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Orphao, a.k.a.Lil Wayne, © 2011, Christine Palamidessi

This is a Rap and Roll sculpture dedicated to charming Orpheus, the Greek God of Music, whose kindred spirit I saw in the American Rap Artist Lil Wayne. As a young man Orpheus fell in love with Eurydice, who died on their wedding day from a snake bite. Orpheus then travelled to the land of the dead to plead for her life. He was a “bad boy,” convinced his stealthiness, smoothness and talent could trick the gods. His music helped him slip through gates and past rules. “Gangstas don’t ask questions; they don’t think about death because that would be stupid,” is what Lil Wayne has said.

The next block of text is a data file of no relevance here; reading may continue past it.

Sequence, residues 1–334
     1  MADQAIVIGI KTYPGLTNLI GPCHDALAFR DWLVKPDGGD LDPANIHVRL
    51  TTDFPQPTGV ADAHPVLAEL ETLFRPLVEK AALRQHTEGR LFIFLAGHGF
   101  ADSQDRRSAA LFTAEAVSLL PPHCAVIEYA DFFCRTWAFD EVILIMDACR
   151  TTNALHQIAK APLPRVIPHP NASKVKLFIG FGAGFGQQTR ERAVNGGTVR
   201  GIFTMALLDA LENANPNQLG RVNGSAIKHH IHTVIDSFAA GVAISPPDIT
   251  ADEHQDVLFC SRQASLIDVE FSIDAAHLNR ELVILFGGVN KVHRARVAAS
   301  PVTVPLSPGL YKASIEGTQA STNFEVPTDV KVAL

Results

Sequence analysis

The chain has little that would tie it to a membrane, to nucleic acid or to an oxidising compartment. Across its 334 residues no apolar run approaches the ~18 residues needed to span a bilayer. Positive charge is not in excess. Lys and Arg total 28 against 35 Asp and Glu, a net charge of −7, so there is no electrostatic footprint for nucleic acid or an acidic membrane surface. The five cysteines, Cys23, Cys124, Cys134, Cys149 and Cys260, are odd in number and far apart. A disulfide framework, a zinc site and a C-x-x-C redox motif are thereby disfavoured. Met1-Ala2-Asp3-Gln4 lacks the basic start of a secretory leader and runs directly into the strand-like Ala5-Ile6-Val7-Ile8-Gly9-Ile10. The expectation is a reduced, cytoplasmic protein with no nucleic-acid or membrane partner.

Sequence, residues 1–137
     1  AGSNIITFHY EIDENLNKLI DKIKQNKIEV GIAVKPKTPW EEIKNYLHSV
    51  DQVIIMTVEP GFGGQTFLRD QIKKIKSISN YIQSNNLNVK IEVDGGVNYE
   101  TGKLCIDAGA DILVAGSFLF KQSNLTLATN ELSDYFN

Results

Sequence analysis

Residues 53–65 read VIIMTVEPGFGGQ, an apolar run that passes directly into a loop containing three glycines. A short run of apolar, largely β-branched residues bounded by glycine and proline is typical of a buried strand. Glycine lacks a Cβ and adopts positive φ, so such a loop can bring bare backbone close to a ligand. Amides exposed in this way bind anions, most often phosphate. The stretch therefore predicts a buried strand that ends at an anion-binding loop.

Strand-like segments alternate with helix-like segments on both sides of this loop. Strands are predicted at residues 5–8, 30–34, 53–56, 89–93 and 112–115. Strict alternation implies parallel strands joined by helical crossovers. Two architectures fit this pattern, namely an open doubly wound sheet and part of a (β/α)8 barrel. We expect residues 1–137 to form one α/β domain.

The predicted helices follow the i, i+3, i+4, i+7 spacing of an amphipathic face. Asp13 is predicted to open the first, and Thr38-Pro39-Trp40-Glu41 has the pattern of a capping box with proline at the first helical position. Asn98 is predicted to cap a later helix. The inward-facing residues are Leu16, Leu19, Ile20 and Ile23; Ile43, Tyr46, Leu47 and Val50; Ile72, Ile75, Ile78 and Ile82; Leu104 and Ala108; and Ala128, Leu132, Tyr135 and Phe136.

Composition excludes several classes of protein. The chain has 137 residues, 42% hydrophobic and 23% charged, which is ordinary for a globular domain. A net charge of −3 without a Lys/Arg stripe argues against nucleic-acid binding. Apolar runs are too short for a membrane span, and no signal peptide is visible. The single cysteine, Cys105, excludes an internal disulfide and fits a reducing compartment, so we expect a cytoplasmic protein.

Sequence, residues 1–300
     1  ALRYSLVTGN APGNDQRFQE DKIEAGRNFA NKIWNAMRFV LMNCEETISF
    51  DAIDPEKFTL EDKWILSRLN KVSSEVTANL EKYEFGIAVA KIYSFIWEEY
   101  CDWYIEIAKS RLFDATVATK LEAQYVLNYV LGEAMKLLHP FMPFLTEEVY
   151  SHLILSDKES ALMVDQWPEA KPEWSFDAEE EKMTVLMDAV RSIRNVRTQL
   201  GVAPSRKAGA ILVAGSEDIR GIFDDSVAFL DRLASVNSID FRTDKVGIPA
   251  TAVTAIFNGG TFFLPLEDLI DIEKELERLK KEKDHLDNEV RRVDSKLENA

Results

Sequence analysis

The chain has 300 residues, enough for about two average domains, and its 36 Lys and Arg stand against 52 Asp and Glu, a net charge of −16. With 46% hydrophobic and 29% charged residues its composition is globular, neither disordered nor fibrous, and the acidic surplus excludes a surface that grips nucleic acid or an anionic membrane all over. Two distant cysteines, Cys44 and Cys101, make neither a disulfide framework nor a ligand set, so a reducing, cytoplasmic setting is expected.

The sculpture’s chest is shaped both to be a handsome young man and a turtle shell marked with plastron scutes. The inside scutes become a story board, each square expressing vulnerability and secrets, some mine, some imagined to be Orphao’s and Lil Wayne’s. The outside shell is embossed with Lil Wayne’s actual tattoos, male slogans about belonging and loyalty. A serpent twines from front to back, like the serpent who bit Eurydice, whose scales exhale the three-headed dog Cerebus and whose circling shape strangles young love if we point loaded guns at the gods.